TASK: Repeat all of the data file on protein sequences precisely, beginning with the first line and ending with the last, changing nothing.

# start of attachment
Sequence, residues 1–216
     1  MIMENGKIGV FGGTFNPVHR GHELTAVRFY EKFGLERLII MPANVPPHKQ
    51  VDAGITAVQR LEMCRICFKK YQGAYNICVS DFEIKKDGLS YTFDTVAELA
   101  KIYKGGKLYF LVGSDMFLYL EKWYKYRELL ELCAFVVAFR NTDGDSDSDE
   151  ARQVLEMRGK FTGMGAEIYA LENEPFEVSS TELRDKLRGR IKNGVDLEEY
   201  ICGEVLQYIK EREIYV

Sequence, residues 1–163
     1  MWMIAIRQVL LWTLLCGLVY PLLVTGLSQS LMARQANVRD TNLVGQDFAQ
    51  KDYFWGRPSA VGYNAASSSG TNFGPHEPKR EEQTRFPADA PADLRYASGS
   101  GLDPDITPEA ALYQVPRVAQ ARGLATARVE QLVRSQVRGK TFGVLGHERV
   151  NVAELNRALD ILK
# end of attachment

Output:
Sequence, residues 1–216
     1  MIMENGKIGV FGGTFNPVHR GHELTAVRFY EKFGLERLII MPANVPPHKQ
    51  VDAGITAVQR LEMCRICFKK YQGAYNICVS DFEIKKDGLS YTFDTVAELA
   101  KIYKGGKLYF LVGSDMFLYL EKWYKYRELL ELCAFVVAFR NTDGDSDSDE
   151  ARQVLEMRGK FTGMGAEIYA LENEPFEVSS TELRDKLRGR IKNGVDLEEY
   201  ICGEVLQYIK EREIYV

Sequence, residues 1–163
     1  MWMIAIRQVL LWTLLCGLVY PLLVTGLSQS LMARQANVRD TNLVGQDFAQ
    51  KDYFWGRPSA VGYNAASSSG TNFGPHEPKR EEQTRFPADA PADLRYASGS
   101  GLDPDITPEA ALYQVPRVAQ ARGLATARVE QLVRSQVRGK TFGVLGHERV
   151  NVAELNRALD ILK